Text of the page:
Sunday, March 7, 2021

Indian News: All the President's 'Desi' men and women

Reading Time: 3 minutesAll the President’s ‘Desi’ men and women
As Nisha Desai Biswal officially became Washington’s first Indian-American pointperson for South and Central Asia last week, her boss mentioned that she is known as “somebody who speaks softly and carries a big stick”.
But whether it was with her soft speech or her big stick, Biswal’s efforts to bring peace between the feuding begums of Bangladesh even before she was formally sworn in won praise from US Secretary of State John Kerry.
“Recently in Bangladesh, Nisha showed how she never misses a chance to speak up or stand up for America’s values,” Kerry said, recalling her meetings with both Prime Minister Sheikh Hasina and opposition leader Khaleda Zia.
“She spoke forcefully about the need for leaders to rise above partisan differences and find a peaceful way towards the ballot box,” said Kerry, who first met Biswal in 2004 when she was volunteering on his presidential campaign.
Kerry called Biswal’s story a “great American” story “of a woman who left a small town in India at age 6 to come to America and now becomes one of the most important leaders in the Department of State as Assistant Secretary of State for South and Central Asia”.
But it’s now becoming an increasingly common story as President Barack Obama has turned to more and more accomplished Indian-Americans to take up key jobs from arts to science to commerce to diplomacy.
Biswal herself for the last three years, has served as assistant administrator for Asia at the US Agency for International Development (USAID), which is headed by Rajiv Shah, the highest-ranking Indian American in the Obama administration.
Days in her new job, Biswal in her own words “stole” another Indian-American Atul Keshap, who had done a stint at the US embassy in New Delhi 2005-2008, from the Asia Pacific Economic Cooperation Bureau, to be her new deputy.
Just six months after his inauguration, Obama named Vinai Thummalapally as the US ambassador to Belize. Son of a retired scientist who worked for Andhra Pradesh Forensic Sciences Laboratory, he is the first Indian American ambassador in US history.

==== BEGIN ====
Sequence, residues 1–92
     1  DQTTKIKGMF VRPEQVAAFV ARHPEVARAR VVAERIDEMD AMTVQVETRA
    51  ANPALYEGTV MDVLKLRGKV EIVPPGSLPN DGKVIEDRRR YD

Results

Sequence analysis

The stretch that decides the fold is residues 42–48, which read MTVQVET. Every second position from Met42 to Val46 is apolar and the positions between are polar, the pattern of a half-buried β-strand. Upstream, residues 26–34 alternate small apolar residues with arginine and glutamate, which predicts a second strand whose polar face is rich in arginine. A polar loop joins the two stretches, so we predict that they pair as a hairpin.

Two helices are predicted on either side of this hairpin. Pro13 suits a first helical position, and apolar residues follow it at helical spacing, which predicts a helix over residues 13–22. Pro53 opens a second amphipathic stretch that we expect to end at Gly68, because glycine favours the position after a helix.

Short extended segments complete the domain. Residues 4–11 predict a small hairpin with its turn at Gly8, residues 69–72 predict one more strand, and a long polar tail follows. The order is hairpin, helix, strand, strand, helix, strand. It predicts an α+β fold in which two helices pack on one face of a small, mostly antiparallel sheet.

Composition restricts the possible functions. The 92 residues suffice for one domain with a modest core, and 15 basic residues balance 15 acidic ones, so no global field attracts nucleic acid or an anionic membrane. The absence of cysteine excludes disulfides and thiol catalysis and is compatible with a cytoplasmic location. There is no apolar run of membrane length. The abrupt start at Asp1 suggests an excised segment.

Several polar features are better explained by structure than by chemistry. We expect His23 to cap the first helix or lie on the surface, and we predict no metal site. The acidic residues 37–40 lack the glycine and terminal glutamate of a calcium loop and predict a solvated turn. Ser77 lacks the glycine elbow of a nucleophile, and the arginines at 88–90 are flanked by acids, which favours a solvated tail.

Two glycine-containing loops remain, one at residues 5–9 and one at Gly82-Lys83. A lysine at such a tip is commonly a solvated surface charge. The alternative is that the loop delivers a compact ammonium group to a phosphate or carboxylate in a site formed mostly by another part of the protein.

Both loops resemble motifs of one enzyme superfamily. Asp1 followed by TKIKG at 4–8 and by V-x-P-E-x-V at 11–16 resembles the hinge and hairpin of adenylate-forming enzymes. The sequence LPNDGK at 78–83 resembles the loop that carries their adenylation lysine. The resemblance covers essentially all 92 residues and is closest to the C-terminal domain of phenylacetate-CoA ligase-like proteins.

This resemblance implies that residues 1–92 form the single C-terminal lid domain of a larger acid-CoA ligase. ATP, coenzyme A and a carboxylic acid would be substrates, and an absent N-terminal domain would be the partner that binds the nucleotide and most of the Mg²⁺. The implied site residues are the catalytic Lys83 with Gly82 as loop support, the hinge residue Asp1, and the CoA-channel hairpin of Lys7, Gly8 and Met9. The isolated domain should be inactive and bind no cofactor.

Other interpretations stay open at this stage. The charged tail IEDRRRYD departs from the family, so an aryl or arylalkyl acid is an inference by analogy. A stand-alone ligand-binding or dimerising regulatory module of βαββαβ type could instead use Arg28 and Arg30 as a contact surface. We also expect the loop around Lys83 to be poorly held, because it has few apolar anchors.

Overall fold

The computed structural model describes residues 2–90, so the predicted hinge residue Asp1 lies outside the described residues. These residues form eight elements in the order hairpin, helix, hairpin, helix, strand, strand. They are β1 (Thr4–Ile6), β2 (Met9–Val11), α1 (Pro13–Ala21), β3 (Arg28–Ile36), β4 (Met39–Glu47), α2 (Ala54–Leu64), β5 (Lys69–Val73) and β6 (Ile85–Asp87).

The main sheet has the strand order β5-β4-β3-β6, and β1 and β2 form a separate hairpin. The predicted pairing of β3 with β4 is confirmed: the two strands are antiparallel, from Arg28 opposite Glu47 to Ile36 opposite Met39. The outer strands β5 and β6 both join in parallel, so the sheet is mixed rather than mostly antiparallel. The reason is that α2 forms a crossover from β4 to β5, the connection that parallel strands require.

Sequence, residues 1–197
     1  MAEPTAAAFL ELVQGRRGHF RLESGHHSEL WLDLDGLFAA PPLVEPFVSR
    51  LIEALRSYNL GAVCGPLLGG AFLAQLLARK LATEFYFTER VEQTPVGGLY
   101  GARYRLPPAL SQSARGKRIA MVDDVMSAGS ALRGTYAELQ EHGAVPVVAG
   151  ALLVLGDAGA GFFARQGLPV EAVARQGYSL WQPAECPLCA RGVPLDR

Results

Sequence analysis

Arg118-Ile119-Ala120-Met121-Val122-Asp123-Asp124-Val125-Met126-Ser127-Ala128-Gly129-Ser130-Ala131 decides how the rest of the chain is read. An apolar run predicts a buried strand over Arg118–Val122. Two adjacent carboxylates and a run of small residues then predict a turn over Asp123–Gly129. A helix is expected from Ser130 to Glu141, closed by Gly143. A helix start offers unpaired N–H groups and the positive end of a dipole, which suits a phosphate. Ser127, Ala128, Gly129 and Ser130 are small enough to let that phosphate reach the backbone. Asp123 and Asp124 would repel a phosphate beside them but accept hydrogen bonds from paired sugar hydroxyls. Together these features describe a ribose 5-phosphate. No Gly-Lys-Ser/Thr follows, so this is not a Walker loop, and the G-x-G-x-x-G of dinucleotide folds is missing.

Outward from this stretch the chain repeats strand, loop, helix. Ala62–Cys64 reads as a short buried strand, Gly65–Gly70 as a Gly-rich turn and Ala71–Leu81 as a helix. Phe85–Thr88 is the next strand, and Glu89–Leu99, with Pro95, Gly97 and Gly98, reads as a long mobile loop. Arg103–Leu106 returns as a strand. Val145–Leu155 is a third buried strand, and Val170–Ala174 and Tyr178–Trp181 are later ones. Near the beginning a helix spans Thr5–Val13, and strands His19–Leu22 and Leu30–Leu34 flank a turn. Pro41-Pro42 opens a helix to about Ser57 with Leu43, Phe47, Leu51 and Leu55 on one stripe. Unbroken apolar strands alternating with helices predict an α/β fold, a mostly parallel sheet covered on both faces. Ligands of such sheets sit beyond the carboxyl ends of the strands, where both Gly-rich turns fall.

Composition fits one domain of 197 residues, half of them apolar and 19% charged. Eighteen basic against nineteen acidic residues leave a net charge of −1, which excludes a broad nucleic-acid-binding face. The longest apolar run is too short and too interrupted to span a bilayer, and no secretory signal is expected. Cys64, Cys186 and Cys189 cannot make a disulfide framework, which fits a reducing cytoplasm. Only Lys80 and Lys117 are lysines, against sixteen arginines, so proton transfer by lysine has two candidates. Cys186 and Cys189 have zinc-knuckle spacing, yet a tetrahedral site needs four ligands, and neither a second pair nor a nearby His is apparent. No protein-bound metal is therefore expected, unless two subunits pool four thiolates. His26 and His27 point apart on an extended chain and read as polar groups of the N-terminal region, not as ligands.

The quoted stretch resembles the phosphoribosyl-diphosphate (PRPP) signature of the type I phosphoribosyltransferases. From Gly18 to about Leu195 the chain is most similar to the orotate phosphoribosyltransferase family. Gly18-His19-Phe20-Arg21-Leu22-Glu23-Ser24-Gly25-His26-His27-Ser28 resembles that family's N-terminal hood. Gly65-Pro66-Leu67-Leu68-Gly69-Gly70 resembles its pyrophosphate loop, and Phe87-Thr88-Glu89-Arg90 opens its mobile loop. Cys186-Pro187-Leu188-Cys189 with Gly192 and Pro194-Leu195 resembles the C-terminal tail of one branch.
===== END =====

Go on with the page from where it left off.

In September, Obama nominated Puneet Talwar, a noted Indian-American Middle East policy specialist to a key diplomatic post as the assistant secretary of state for political military affairs.
In the Pentagon, the highest ranking Indian American is Vikram J. Singh, deputy assistant secretary of defence for South and Southeast Asia. He serves as the principal advisor on development and implementation of defence strategies and plans for the region, including India.
Obama, who at two over two dozen, has more Indian-Americans serving in his administration than any of his predecessors, has appointed at least ten from the community since his re-election last November.
In September, Chandigarh-born legal luminary Sri Srinivasan made history as he became the first Indian American judge of the US Court of Appeals for the District of Columbia Circuit, which is often called the second most powerful court in the US.
Earlier in November, Obama nominated Dr. Vivek Hallegere Murthy, the Indian-American head of a doctors group that promotes his signature healthcare law, to be the next US surgeon general, also known as “America’s doctor”.
In October, Obama tapped Kerala University physics graduate Arun M. Kumar to lead the trade promotion arm of the Commerce Department, charged with helping American companies succeed in markets around the world.
Other recent nominees include Gargee Ghosh, director of policy analysis and financing (PAF) at the Bill & Melinda Gates Foundation, as a member of his Global Development Council, and actor Kal Penn of “The Namesake” fame to his Committee on the Arts and Humanities.
Then there is Manhattan’s US Attorney Preet Bharara, dubbed “Sheriff of Wall Street” by Time magazine, who in a four-year insider trading crackdown has won a record 76 convictions, including that India-born former Goldman Sachs director Rajat Gupta.

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